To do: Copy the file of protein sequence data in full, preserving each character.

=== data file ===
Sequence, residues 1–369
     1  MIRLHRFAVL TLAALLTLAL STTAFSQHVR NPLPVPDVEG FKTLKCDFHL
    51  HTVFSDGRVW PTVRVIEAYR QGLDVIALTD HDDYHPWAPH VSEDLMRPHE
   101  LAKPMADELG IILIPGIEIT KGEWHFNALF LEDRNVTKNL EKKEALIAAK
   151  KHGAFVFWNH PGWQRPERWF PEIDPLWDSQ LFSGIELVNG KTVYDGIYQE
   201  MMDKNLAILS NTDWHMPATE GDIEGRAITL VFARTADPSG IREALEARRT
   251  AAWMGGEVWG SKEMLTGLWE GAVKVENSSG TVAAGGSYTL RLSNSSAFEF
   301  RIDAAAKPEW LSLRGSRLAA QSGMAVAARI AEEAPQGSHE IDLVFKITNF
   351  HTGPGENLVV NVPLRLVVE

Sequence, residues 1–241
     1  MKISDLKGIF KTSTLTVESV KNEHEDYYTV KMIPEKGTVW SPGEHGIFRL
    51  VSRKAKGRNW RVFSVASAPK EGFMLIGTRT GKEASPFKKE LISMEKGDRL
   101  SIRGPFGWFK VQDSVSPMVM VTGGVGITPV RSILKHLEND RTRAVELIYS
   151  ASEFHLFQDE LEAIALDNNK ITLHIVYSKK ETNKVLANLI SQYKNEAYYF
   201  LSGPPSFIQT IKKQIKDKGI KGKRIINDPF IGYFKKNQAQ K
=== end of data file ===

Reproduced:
Sequence, residues 1–369
     1  MIRLHRFAVL TLAALLTLAL STTAFSQHVR NPLPVPDVEG FKTLKCDFHL
    51  HTVFSDGRVW PTVRVIEAYR QGLDVIALTD HDDYHPWAPH VSEDLMRPHE
   101  LAKPMADELG IILIPGIEIT KGEWHFNALF LEDRNVTKNL EKKEALIAAK
   151  KHGAFVFWNH PGWQRPERWF PEIDPLWDSQ LFSGIELVNG KTVYDGIYQE
   201  MMDKNLAILS NTDWHMPATE GDIEGRAITL VFARTADPSG IREALEARRT
   251  AAWMGGEVWG SKEMLTGLWE GAVKVENSSG TVAAGGSYTL RLSNSSAFEF
   301  RIDAAAKPEW LSLRGSRLAA QSGMAVAARI AEEAPQGSHE IDLVFKITNF
   351  HTGPGENLVV NVPLRLVVE

Sequence, residues 1–241
     1  MKISDLKGIF KTSTLTVESV KNEHEDYYTV KMIPEKGTVW SPGEHGIFRL
    51  VSRKAKGRNW RVFSVASAPK EGFMLIGTRT GKEASPFKKE LISMEKGDRL
   101  SIRGPFGWFK VQDSVSPMVM VTGGVGITPV RSILKHLEND RTRAVELIYS
   151  ASEFHLFQDE LEAIALDNNK ITLHIVYSKK ETNKVLANLI SQYKNEAYYF
   201  LSGPPSFIQT IKKQIKDKGI KGKRIINDPF IGYFKKNQAQ K